Milad Shahabi (25) is a citizen journalist working in photography. The self-declared Islamic State arrested him on 27 December 2013 in his office in the Masakin Hanano neighbourhood, after it seized Aleppo’s main junctions. Shahabi spent 17 days in prison, mostly in solitary confinement, which was enough to transform all his views on life.
“The beating, the humiliation and the sounds of torture that I used to hear in jail left me in shock, and I still suffer from the repercussions until this very day: I see nightmares and I have developed complexes about Islamist groups and bearded men. When I was released, I left Syria for over one month and a half. When I came back, my friends accompanied me, armed to protect me, because of my fear of being arrested by extremist groups at any time,” said Shahabi, who still lives in Aleppo.
In addition to physical injuries and psychological disorders, reporters are also neglected by the institutions they work for. A great number of  journalists were in fact abandoned after they were injured or arrested by extremist groups. They personally undertake treatment expenses, except for those few who were lucky enough to receive help from media institutions. Similarly, there is no interest in posttraumatic psychological support programmes for citizen journalists.
Another citizen journalist, Pishnik ʿAlo, was shot in the foot by a regime sniper in Aleppo in 2013. Nonetheless, he was completely neglected by the channel he used to work for (Orient TV) and he still suffers from physical and psychological disorders.
Ayah Muhanna is a psychologist who deals with citizen journalists coming from Syria to the Turkish city of Gaziantep. She commented: “Citizen journalists are exposed to trauma the most. They work in documentation, editing and montage, so that they relive the event several times. They do not have enough time to understand what happens to them on the psychological level since they are from the same country they work in.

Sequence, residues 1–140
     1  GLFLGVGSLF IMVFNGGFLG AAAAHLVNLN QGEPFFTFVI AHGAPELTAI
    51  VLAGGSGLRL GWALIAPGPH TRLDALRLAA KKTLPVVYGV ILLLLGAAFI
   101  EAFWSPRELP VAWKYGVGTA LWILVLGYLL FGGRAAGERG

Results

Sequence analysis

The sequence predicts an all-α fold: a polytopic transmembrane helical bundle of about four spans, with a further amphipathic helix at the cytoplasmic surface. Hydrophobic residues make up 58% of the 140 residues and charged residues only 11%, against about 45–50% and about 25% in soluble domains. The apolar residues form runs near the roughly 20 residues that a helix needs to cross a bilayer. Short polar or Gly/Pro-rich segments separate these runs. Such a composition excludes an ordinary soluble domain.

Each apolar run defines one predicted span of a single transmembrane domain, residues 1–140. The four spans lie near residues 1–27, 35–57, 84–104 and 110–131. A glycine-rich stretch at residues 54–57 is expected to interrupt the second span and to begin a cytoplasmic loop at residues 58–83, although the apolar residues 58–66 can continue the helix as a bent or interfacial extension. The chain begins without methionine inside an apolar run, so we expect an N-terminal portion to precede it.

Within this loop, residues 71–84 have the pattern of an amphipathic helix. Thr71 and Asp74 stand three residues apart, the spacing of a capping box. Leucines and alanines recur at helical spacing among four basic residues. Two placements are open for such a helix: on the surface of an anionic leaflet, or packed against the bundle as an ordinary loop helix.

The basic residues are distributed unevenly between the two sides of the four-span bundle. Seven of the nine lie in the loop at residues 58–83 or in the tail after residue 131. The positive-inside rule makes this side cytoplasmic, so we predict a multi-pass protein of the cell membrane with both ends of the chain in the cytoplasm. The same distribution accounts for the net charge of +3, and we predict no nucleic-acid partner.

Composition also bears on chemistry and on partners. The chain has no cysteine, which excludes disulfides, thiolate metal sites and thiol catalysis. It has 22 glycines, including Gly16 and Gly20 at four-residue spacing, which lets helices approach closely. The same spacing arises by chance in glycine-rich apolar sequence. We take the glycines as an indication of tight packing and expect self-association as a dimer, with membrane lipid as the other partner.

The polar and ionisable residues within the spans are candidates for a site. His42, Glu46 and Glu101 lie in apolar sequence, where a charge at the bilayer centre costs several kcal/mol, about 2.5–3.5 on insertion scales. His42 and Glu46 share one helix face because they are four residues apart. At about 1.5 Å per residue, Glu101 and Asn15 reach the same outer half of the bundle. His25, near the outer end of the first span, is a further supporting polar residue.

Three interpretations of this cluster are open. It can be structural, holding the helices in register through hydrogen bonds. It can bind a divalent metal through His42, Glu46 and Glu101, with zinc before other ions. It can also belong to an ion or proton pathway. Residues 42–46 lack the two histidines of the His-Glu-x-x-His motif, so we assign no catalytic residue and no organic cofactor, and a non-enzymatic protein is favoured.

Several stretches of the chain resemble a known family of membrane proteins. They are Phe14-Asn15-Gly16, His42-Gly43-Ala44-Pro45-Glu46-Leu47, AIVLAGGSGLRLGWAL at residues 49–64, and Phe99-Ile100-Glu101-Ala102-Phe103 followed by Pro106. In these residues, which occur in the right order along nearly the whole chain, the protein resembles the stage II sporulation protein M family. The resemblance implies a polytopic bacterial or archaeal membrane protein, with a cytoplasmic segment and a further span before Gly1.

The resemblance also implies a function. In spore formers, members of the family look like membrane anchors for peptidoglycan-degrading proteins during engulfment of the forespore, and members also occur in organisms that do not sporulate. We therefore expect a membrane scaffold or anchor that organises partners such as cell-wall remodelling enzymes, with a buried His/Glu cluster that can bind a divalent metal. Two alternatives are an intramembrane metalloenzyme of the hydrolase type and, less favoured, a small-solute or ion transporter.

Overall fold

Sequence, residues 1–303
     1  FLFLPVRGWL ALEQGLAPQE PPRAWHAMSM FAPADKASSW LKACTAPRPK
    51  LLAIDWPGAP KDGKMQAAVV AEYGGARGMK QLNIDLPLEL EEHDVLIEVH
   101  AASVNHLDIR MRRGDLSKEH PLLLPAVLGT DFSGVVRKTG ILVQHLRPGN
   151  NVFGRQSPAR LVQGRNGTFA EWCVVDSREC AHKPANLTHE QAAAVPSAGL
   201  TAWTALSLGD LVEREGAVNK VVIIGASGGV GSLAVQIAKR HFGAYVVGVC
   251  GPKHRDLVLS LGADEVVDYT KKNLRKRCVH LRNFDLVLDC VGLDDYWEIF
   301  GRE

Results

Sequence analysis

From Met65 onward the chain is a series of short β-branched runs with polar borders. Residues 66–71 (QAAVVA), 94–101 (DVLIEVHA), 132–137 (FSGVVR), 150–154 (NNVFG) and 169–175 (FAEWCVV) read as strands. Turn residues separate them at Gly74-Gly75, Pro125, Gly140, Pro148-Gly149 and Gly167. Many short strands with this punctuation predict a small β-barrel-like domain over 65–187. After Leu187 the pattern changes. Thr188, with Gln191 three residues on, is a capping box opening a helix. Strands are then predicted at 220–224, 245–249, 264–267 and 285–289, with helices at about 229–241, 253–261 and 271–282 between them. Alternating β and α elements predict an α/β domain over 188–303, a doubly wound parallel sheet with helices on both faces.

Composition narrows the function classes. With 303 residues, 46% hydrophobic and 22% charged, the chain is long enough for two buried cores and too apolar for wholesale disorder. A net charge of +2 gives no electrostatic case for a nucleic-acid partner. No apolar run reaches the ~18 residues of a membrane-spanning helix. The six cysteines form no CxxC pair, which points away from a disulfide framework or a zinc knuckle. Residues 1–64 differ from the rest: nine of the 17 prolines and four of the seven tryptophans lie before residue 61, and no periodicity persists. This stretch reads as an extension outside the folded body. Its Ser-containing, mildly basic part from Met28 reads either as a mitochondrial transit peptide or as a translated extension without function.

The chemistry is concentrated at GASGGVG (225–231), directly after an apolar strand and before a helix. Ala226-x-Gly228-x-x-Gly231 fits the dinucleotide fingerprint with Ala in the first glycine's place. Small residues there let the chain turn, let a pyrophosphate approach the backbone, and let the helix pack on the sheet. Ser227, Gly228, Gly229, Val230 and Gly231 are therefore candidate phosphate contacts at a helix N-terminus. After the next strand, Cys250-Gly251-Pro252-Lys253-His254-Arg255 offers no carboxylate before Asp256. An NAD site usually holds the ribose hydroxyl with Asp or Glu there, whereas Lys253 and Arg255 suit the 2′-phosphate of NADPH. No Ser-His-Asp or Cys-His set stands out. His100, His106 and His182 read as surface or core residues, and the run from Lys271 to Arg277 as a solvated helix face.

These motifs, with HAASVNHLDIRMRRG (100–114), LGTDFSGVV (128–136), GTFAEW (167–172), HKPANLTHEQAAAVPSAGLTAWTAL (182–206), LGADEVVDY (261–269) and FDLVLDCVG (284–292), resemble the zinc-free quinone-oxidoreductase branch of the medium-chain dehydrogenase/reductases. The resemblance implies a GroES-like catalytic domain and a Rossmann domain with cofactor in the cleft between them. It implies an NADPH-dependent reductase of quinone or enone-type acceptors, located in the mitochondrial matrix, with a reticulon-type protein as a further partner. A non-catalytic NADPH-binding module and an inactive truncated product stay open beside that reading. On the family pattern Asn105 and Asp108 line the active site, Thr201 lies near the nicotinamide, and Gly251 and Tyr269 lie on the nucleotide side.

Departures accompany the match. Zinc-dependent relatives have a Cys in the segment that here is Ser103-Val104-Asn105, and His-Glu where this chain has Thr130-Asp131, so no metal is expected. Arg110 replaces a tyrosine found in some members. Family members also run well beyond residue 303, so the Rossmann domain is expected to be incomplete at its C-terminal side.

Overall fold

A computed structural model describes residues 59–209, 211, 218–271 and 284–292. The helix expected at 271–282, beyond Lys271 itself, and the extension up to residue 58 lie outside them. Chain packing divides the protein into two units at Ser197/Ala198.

“Most of the journalists I met told me they had grown accustomed to war circumstances and they don’t have any problem with the scenes they live through. However, as soon as they leave the country and settle somewhere safe for a period of time, they begin to think of what happened to them back in Syria.”
Psychotherapist Muhanna explained that political awareness was also a possible stressor that could affect the journalists psychologically and physically. “Since they are the most capable of analyzing the situation due to their political awareness and because they do not know (…) when they will see their families again or what their future will be like, they show PTSD signs and symptoms which could be psychological (like anxiety, oversleeping and insomnia) or physical (like memory troubles, breathing difficulties and heart diseases),” she added.
The ideator of the Hierarchy of Needs theory, the US psychologist Abraham Maslow, said that security is a basic human need and people prefer a safe environment to a dangerous unpredictable and uncontrollable one. Being in a danger zone might result in impotence or death and many citizen journalists in Syria actually suffer from a state of impotence: as a matter of fact, both Qattan and Shahabi agreed that they were not afraid of death, but rather afraid of impotence and of being unable to continue their work.


“Most of the journalists I met told me they had grown accustomed to war circumstances and they don’t have any problem with the scenes they live through. However, as soon as they leave the country and settle somewhere safe for a period of time, they begin to think of what happened to them back in Syria.”